"Datable Wilson landscapes are still very few so that a painting, of little importance in itself, which can be fairly securely assigned to the beginnings of Wilson's Italian sojourn, probably to 1751, deserves a note. It is in the Victoria and Albert Museum (No. 501-'83) ... it is the very picture Wilson presented to Zuccarelli. On the back of the picture is the label of the R.A. Old Masters' Exhibition of 1880, in which it was No.22, lent by sir Henry Ainslie Hoare, Bart, and it appeared in the Stourhead heirlooms sale, June 2 1883, (12) bt. Agnew, before passing, the same year, into the museum. The sale catalogue briefly relates its history, deriving it from the note given by Sir Richard Colt Hare, Bart [fn.i, the distinguished and careful antiquarian, who was travelling in Italy 1785-1790, and whose evidence, presumably derived from Zuccarelli himself, is at least more likely to be true than most information about Wilson. This note says: 'this small and simple composition has excited the general attention of artists and connoisseurs, from its very excellent colouring. It was painted in Italy, and presented by Wilson to his friend Zuccarelli. This painting pleased me so much at first sight, that I used my utmost endeavours to procure it, but I failed in my repeated applications. At the decease of Zuccarelli I became the purchaser of this little jewel'. Zuccarelli died in 1788 (while Colt Hoare was in Italy): he left Venice for London in 1751 and is not known to have returned to Italy until Wilson was settled in London, so that a date of 1751 can very plausibly be ascribed to the picture.



The picture is not to-day altogether in its pristine condition but the principles of the composition - more loosely knit, more like Zuccarelli's own, than Wilson's later Italian scenes - are striking and easily perceived. There is also the same excessive use of oil, which has produced a good deal of crinkly in places, which is partly noticeable in Lord Dartmouth's picture of 1753. Not many pictures come to mind which share all these characteristics, but one which is worth mentioning (since it has hardly been noticed hitherto) is Edinburgh No. 331. If these can provide a safe clue for the very beginnings of Wilson's Italian landscape style, that is something gained."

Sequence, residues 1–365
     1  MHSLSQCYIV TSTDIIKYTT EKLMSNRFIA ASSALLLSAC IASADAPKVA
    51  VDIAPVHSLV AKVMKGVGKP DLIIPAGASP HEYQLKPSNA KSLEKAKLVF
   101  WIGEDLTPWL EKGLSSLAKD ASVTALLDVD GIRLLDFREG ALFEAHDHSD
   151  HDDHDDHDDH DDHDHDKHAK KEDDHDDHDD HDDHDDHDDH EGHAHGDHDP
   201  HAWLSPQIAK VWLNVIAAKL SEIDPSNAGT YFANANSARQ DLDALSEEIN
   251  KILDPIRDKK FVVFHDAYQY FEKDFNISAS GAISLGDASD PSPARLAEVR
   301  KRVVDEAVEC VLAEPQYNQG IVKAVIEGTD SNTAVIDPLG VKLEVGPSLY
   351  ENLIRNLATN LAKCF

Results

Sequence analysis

[fn.i] Catalogue of the Paintings and Drawings at Stourhead, privately printed [1841], p.23. This passage (and most of the Catalogue) is extracted from SIR RICHARD COLT HOARE'S History of Modern Wiltshire.



(3)

David H. Solkin, Richard Wilson: The Landscape of Reaction, The Tate Gallery, 1982, cat. no. 60., p.178:



"According to Sir Richard Colt Hoare, who acquired this work in Venice towards the end of the 1780s, 'It was painted in Italy, and presented by Wilson to his friend Zuccarelli'. Hoare's statement permits us to assign the 'River and Farmhouse' to the time of Wilson's extended stay in Venice; almost certainly the picture must date from 1751. The external evidence gains further support from the image itself, which can be described as an exercise in the Venetian rococo as practised by Zuccarelli himself and by other contemporary artists such as Guiseppe Zais. From their works Wilson borrowed a number of stock motifs, for instance the tattered peasants and a humble sloping cottage, as well as a loose method of pictorial composition which relies on a series of broadly looping curves. In addition, the Venmetians also taught him to consider landscape painting as a primarily decorative mode of expression which need have no direct connection with the outside world. The 'Farmhouse' view is pure artifice, an arbitrary arrangement of forms subject to an inconsistent pattern of light and shadow. Certainly, there are rococo elements in Wilson's earlier landscapes, but here the purely imaginative aspect of that style displays itself with unprecedented forcefulness. By this time he was an accomplished professional capable of altering his approach in response to the new artistic ideas he encountered while abroad."
Collection
Accession Number
501-1883

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record createdApril 18, 2007